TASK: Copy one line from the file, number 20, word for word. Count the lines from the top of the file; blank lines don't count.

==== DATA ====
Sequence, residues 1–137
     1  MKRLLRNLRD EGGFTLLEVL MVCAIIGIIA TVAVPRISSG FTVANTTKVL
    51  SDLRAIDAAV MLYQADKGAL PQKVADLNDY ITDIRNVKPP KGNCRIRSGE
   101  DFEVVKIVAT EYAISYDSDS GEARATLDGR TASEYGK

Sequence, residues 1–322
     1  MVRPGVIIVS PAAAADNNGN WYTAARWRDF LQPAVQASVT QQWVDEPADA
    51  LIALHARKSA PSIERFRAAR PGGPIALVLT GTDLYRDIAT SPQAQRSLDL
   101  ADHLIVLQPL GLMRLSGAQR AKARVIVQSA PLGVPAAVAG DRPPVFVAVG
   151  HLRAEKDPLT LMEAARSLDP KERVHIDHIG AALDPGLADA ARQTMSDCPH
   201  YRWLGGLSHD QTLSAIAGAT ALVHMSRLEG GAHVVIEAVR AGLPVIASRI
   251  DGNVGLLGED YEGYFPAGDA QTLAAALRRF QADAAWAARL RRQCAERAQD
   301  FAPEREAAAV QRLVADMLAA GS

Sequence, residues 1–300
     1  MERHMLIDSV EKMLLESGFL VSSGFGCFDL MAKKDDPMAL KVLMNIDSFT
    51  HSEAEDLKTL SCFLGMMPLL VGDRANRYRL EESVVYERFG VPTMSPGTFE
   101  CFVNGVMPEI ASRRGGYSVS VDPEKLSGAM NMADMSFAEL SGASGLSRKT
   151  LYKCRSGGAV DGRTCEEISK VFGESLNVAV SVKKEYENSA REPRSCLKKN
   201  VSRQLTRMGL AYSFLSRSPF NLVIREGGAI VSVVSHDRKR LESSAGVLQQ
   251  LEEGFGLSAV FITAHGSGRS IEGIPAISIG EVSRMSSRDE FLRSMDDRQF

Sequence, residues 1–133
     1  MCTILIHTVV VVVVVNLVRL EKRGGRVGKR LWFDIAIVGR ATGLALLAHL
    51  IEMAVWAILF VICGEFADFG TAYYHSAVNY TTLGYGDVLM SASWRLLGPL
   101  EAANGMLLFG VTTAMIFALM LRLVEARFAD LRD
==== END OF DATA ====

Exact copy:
Sequence, residues 1–133